New Milford COVID-19 vaccine clinic carries on, sees more patients as other sites close

Photo of Currie Engel
A tub that represents 1,112 vaccinations of Moderna and Johnson & Johnson vaccines, taken at the John Pettibone Community Center clinic in New Milford

A tub that represents 1,112 vaccinations of Moderna and Johnson & Johnson vaccines, taken at the John Pettibone Community Center clinic in New Milford

Kateland Kelly / The Write Assistant

NEW MILFORD — As other area COVID-19 clinics and mass vaccination sites start to close, New Milford’s clinic at the John C. Pettibone Community Center is picking up the slack.

“The side effect of there being fewer sites means we have increased foot traffic,” Health Director Lisa Morrissey said Tuesday.

Morrissey said its once-a-week clinics have seen an average of 90 to 150 people during the 90-minute time period, and one clinic even hit between 225 to 240 patients. She estimated that at least half, if not slightly more, of the people attending the clinics have been from places other than New Milford.

“I think we’ve got really good vaccine coverage in New Milford,” Morrissey said.

At the end of May, the clinic, a regional vaccination hub, decided to reduce its offerings for the summer months, altering its three-days-a-week schedule to better meet decreasing demand and give volunteers a much-needed rest.

At its peak, the clinic was administering roughly 1,200 shots on a single Saturday.

Danbury closed its mass vaccination site at the Danbury Fair mall last week, and the local health department shut down its clinic in early June.

Other mass vaccination sites in Middletown and Stamford have closed, as well.

Even without its mass vaccination site, however, Danbury has smaller sites that regularly administer vaccinations, Monday through Saturday, and have been offering pop-ups on various dates at churches, parks and special events. The Community Health Center, which ran the mall site, is offering vaccines at pop-up sites and at its other clinics.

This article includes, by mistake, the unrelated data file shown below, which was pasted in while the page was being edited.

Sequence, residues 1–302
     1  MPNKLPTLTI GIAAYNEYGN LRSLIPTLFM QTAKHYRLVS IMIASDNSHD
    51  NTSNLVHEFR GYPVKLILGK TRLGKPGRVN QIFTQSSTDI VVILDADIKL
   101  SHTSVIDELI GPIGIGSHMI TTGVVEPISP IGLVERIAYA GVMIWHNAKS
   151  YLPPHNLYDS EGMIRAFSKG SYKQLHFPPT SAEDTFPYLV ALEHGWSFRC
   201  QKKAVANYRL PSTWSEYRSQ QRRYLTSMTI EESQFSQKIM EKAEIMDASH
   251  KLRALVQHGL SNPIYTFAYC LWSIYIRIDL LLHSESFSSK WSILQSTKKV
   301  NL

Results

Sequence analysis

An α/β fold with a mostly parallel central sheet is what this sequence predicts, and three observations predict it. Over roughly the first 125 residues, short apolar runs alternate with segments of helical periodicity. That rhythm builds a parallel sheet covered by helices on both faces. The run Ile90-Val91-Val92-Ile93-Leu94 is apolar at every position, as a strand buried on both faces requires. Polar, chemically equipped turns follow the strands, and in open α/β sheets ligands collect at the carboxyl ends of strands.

New Milford’s local clinic operates on a regular schedule, offering 90-minute clinics with Pfizer and Johnson & Johnson vaccines from 4 to 5:30 p.m. Wednesdays. Walk-ins are welcome.

While the town’s website has clinic dates posted only through mid-July, Morrissey said she does not plan to discontinue clinics anytime soon, especially heading into another school year and with possible vaccination approval for kids aged 2 to 11 around the corner.

Local health officials continue to strongly encourage vaccinations as the highly transmissible delta variant spreads in Connecticut and the country. As of Friday, July 2, Danbury reported no cases of the new variant, according to Kara Prunty, acting health director. But area doctors and health care workers emphasized the need to continue vaccinations to prevent its spread and protect Connecticut residents from the virus and its effects.

New Milford had reached 66.4 percent of residents who have had at least one shot of the vaccine, according to the latest state data from June 30. This is slightly higher than Danbury’s 60.64 percent and the state’s 63.4 percent of residents who have had at least one shot of the vaccine.

“It’s something that we’re paying attention to,” Morrissey said. “We don’t want to scare people but we’re still saying to remain vigilant.”

The town has partnered with several private and public schools and universities to help vaccinate their student populations ahead of the new school year, she said. With an impending announcement, she said she’s not at liberty to discuss which schools the department will partner with yet.

However, Morrissey said it was “safe to say approval for vaccines for 2-to-11-year-olds is on the horizon.”

If the department faces a heavier load in the fall due to these partnerships and a child vaccine approval, the town may revert back to multi-day clinics each week.

Morrissey said an increasing number of pediatric medical practices in the area have been trying to get vaccination capability. This could relieve some of the pressure on the local health department should younger children get approved.

“I’m anticipating that we’ll be doing this for a while,” Morrissey said of their vaccination clinics.